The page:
Tillerson ouster gives fresh boost to safe-haven euro zone bonds

FILE PHOTO - Trump fires Secretary of State Tillerson
FILE PHOTO - U.S. Secretary of State Rex Tillerson and Nigeria's Foreign Minister Geoffrey Onyeama hold a news conference in Abuja, Nigeria, March 12, 2018. REUTERS/Jonathan Ernst/Pool

March 13, 2018

By Dhara Ranasinghe and Abhinav Ramnarayan

LONDON (Reuters) – Euro zone government bond yields fell on Tuesday after U.S. President Donald Trump fired Secretary of State Rex Tillerson, injecting a fresh dose of volatility into world markets.

Data showing U.S. inflation slowed in February also reassured investors, however, putting downward pressure on bond yields on both sides of the Atlantic.

“Treasuries reversed direction on the fear that Tillerson’s removal will give the nationalists greater power within the White House over the globalists,” said Investec economist Philip Shaw.

Trump said he had replaced Tillerson with Central Intelligence Agency Director Mike Pompeo, and had tapped Gina Haspel to lead the CIA.

The U.S. 10-year Treasury yield fell as much as 3 basis points on the Tillerson news and was last trading at around 2.85 percent <US10YT=RR>, also held down by news of slowing inflation.

In Europe, bond yields fell 1-3 basis across the board.

Germany’s 10-year government bond yield fell 2 bps to around 0.61 percent <DE10YT=RR>, its lowest level in just over a week, before steadying at 0.62 percent.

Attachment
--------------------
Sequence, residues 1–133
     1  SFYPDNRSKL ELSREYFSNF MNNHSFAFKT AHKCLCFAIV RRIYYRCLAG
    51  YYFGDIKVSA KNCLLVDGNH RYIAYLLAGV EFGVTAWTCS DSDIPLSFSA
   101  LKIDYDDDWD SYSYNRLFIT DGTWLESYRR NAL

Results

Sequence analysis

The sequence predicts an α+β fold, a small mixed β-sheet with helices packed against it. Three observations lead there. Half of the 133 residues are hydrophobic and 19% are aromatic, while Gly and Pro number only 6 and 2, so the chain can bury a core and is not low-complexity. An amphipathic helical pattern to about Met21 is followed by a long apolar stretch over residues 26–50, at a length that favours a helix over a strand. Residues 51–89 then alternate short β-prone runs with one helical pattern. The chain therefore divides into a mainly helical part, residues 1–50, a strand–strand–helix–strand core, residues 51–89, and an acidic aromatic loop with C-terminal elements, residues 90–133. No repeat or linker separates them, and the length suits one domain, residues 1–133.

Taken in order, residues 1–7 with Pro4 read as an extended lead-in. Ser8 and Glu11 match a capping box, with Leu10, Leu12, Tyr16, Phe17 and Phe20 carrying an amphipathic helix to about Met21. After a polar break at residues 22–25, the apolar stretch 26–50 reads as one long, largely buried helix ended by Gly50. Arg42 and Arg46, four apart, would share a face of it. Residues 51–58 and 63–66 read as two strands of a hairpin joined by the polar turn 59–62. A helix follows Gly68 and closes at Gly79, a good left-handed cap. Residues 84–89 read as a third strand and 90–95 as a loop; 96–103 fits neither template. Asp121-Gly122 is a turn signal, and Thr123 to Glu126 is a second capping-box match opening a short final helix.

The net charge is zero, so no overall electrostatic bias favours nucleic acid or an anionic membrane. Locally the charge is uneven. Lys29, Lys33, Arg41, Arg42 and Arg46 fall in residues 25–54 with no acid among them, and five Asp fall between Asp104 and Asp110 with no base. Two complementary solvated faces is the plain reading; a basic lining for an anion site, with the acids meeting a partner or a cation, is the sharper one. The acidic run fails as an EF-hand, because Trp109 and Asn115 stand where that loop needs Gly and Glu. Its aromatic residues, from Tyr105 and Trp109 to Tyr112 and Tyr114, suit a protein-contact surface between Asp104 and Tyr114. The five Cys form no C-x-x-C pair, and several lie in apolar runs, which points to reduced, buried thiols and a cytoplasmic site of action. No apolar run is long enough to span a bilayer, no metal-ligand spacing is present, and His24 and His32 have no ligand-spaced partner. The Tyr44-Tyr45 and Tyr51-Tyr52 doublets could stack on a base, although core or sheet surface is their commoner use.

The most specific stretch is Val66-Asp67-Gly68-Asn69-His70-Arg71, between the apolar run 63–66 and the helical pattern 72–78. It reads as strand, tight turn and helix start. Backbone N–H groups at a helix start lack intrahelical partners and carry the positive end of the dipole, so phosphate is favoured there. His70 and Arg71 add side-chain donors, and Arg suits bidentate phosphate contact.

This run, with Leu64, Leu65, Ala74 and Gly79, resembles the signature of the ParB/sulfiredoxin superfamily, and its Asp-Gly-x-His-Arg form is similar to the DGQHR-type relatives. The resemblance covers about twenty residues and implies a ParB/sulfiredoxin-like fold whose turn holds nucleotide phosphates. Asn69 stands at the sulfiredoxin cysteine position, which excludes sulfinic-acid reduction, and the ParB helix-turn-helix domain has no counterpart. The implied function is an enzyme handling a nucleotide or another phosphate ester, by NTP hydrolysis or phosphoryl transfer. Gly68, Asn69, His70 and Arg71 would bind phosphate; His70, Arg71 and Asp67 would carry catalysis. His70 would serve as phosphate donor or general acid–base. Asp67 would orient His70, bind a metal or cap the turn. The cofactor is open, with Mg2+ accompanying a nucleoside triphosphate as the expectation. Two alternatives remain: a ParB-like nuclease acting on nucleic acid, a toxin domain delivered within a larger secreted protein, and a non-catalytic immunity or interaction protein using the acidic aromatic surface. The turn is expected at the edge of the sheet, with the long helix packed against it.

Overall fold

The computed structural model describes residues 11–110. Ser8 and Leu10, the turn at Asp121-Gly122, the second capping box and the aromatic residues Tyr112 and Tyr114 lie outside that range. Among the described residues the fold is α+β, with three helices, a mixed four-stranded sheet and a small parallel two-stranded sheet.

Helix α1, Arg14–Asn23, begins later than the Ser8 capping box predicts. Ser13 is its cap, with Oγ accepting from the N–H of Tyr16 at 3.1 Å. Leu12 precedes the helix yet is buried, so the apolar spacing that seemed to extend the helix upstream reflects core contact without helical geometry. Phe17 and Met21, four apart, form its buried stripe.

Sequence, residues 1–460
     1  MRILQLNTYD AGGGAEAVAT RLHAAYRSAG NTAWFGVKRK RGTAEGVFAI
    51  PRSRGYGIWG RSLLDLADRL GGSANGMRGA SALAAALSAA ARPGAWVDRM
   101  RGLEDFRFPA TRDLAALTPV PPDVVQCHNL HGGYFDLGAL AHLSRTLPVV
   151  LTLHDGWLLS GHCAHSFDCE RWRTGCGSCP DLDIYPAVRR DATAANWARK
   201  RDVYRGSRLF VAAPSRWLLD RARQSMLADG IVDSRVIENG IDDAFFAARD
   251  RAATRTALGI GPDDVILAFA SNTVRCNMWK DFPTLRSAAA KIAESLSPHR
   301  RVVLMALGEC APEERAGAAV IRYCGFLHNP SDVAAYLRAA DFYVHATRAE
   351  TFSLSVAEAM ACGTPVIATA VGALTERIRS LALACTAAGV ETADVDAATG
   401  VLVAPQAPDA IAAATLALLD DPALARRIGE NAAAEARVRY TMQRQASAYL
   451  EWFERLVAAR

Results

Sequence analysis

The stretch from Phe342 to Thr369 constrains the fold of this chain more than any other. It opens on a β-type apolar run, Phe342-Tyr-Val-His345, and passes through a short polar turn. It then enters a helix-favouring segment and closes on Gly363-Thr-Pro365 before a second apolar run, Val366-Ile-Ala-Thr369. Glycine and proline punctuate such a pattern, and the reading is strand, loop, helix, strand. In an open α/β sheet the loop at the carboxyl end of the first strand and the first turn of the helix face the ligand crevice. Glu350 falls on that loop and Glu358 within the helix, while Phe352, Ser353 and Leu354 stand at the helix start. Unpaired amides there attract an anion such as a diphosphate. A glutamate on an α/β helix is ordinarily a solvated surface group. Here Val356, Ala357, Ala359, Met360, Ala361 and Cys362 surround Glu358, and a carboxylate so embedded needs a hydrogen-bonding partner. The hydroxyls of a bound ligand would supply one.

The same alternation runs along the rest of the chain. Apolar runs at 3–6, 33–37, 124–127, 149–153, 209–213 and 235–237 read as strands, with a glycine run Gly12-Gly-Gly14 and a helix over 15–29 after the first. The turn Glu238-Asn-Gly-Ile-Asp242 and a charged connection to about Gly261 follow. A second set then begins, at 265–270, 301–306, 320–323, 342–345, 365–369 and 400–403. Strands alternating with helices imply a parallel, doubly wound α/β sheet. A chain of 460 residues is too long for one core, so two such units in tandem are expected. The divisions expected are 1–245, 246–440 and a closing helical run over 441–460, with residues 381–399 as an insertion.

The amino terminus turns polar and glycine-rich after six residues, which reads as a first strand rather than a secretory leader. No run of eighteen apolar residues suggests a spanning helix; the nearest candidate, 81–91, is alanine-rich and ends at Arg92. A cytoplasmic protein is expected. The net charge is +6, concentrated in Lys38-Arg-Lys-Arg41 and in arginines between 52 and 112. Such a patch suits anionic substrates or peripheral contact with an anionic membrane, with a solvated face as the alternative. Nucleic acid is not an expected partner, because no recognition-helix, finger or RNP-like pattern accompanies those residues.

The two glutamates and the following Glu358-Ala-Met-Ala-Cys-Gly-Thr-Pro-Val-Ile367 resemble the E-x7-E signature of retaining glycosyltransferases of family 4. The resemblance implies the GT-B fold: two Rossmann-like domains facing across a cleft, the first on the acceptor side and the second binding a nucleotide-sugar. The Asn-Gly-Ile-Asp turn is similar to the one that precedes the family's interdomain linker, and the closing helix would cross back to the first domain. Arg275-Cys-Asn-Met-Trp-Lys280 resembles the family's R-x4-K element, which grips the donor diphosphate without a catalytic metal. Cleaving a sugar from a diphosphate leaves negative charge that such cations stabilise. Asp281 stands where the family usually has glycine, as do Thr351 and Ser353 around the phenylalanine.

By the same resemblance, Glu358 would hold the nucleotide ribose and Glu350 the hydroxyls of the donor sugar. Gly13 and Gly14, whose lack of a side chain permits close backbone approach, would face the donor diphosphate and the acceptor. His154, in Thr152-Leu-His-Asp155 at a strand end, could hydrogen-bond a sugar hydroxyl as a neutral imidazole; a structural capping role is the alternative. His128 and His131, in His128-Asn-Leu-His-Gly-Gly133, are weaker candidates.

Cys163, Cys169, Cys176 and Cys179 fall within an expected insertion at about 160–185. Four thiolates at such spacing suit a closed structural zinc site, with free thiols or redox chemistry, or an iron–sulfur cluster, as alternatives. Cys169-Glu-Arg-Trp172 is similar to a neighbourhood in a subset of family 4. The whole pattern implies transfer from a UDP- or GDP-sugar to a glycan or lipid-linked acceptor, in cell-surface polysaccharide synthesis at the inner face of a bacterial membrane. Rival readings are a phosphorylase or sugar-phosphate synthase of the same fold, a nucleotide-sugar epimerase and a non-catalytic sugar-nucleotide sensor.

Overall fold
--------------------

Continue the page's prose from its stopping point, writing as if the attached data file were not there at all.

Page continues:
Europe’s STOXX 600 <.STOXX> fell a hefty 1 percent as the session drew to a close. The pan-European banks index <.SX7P> also tumbled to the day’s low, down 0.8 percent.

The dollar, meanwhile, extended its fall. It had already been weak across other G10 currencies after U.S. inflation data came in as forecast but it skidded further as the sell-off accelerated.

Against a basket of currencies, the dollar fell 0.3 percent <.DXY>, while the euro gained half a percent to $1.2404 <EUR=>.

Earlier, solid demand at Italian bond auctions helped underpin sentiment in euro zone bond markets.

The bond sales came against a backdrop of uncertainty following an inconclusive March 4 election in Italy, the potential impact of which investors appear to be largely shrugging off.

Elsewhere, Slovakia’s 10-year bond yield rose as much as 6 basis points <SK10YT=RR> and the cost of insuring exposure to the country’s debt hit the highest in almost three months as its government inched towards collapse.

Slovak debt continued to underperform euro zone peers after news of Tillerson’s departure.

A government spokeswoman said the three ruling coalition parties were holding talks on Tuesday, after a junior member called for an early election following mass protests against corruption and the murder of a journalist last month.

(Additional reporting by Helen Reid and Tommy Wilkes; Editing by Catherine Evans)